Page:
CHAPTER OF SONG

MAX STERN / Israel /

MAX STERN / Israel / -  Chapter of Song

 

Let everything that hath breath praise the LORD, Hallelujah (Ps 150:6).

 

Perek Shirah for narrator and orchestra (1994) or Chapter of Song is based on an anonymous collection of sayings from the Psalms and other ancient scriptural and non-scriptural passages said to have originated with King David, and placed in the mouth of all creation except man. It is a mysterious text pregnant with profound philosophical symbolism. Everything that is called by My name was created in My honor: I created it, I produced it, I made it (Is 43:7).

 

In Perek Shirah, the entire cosmos, inanimate nature, plants, animals, birds, and insects praise God - according to the Jewish view that all things are endowed with sensation: He teaches us from the animals of the land, and from the birds of the heavens He makes us wise (Job 35:11). This conception is not only poetically expressed in the Bible, but, occurs quite frequently in Talmudic and Midrashic literature, where the singing and praise of animals and trees are spoken of. God's visit to the pious in paradise (with which the song of the rooster is connected) is frequently mentioned in mystic literature.

 

The psalmist says that the entire creation tells of the glory of God and sings its unique song of praise to the Creator: It is good to give thanks to the LORD, and sing praise unto His name (Ps. 92:1).

 

Praise the LORD from the heavens.

Praise Him, sun and moon: praise Him, all ye stars of light. 

Praise the LORD from the earth,

Fire, and hail; stormy wind fulfilling his word:

Mountains, and all hills; fruitful trees, and all cedars:

Beasts, and all cattle; creeping things, and flying fowl:

Praise ye the LORD (Ps 148).

 

The Prophets not only personify nature, they ethicize it, endowing natural phenomenon with the capacity of understanding moral distinctions.

 

Let the wicked forsake his way,

And the unrighteous man his thoughts and return unto the LORD,

Then shall the mountains and the hills break forth into singing,

And all the trees of the field shall clap their hands (Is 55: 7, 12).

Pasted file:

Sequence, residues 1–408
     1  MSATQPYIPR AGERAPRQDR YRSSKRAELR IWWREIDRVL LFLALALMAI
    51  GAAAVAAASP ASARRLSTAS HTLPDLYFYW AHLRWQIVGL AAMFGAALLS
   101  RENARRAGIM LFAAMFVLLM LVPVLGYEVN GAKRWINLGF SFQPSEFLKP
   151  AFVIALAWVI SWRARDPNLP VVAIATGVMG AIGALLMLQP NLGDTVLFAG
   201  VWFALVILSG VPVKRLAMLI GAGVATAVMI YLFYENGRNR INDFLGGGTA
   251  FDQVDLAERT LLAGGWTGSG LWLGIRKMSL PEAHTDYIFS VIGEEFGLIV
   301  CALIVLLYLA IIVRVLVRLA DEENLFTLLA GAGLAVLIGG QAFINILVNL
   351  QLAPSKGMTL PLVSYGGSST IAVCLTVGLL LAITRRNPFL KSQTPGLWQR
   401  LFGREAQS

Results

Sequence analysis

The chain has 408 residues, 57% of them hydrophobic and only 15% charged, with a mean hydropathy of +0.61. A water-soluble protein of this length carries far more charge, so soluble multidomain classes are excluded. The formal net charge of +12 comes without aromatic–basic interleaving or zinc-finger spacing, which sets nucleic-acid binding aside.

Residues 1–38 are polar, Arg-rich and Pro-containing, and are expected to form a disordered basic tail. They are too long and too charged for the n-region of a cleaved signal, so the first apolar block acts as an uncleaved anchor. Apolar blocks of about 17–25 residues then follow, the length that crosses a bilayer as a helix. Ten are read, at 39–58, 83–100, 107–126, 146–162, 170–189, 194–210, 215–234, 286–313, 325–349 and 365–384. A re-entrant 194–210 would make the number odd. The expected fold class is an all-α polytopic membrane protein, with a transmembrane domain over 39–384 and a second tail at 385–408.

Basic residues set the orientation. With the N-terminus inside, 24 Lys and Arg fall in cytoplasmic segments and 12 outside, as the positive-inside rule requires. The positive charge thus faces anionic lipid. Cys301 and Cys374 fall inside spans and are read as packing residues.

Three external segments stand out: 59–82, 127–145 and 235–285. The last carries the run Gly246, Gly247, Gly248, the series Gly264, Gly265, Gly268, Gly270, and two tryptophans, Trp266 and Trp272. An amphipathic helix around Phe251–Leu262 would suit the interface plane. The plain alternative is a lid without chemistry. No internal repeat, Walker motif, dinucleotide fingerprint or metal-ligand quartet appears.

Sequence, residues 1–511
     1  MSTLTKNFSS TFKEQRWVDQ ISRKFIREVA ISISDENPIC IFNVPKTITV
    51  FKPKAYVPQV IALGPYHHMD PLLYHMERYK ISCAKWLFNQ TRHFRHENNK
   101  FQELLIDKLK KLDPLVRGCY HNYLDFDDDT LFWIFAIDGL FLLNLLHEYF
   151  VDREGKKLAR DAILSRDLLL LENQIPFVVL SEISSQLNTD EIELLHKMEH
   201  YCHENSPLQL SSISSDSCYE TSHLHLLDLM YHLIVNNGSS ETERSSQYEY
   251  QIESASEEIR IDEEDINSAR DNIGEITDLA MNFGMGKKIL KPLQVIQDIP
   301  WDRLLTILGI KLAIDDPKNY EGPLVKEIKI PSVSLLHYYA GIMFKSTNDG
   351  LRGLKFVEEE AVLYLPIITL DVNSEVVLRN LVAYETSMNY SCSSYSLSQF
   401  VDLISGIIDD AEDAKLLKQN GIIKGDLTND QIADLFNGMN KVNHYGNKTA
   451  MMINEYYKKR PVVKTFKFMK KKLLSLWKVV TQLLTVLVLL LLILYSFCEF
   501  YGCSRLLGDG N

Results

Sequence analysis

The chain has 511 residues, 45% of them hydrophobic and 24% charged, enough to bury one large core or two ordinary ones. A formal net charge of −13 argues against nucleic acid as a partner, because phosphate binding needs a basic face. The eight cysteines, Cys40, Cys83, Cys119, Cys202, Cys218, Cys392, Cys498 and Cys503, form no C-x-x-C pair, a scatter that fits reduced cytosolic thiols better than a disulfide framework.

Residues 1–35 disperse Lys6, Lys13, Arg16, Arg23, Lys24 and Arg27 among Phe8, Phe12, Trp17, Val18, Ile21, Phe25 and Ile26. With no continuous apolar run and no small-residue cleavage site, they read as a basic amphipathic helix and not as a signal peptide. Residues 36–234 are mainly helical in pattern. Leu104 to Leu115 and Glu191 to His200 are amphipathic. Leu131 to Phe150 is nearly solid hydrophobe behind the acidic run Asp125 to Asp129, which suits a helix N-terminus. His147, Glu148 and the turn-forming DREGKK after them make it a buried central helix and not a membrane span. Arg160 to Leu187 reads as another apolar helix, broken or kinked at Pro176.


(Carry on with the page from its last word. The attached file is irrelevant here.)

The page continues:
The earth says that 'its fullness belongs to God'. The stars proclaim that 'God alone made the heavenly hosts'. The horse says that 'just as it looks to its master, so must all look to God'. The lion teaches the importance of might as well as the power of self control. The ant shows the slothful person how much can be accomplished if he will but utilize the gifts God gave to him. These are only a few examples of the praises of Chapter of Song. What do they represent? Simply this: God's song of praise is sung whenever every part of creation performs its assigned task.

 

In a philharmonic orchestra, when the musicians play their assigned parts, the result is an outburst of ebullience that can seem almost heavenly in its beauty. But, if each player improvises as he pleases without regard to the fused outcome, the result will not be music, but noise - a deafening, horrendous cacophony. The concept behind Perek Shirah is that everything in the natural world teaches us a lesson for life, if we can, but only, listen and understand. When man hears the message of the heavens and the ant and everything in between, then all creation has value and becomes the symphony that God intended. "Were it not for the daily hymns and songs of Praise," says God, "I should not have created the world."

 

In keeping with the 'all-inclusive' quality of the subject - speech, sound-effects, extended instrumental techniques, improvisation, tonality, non-tonality, pulse, theatricality, humor and chaos are combined and integrated into a sonorous fabric - interpreting the call to adoration by bringing to life - each aspect and character in its own unique voice - the enigmatic and often impenetrable vibrations of heaven and earth and trees, along with the unfathomable meanings behind the sounds of fowl, animals, and insects.

 

 

Max Stern (b. 1947 USA/ 1976 Israel), a pioneer figure in Israel's musical life, has received international recognition for creating a rich genre of biblical compositions blending East and West, ethnic, and contemporary idioms and genres. He won the Lieberson Prize of the Israel Composers League (1990), received an award from the Japanese Society for Contemporary Music (1991), special mention "for personal language in balance between tradition and innovation" at the International Epicmusic Composition Prize (Italy, 2004), and citation for contribution to the cultural development of the Negev by the Histadrut Federation of Labor and LOGON (2003).

 

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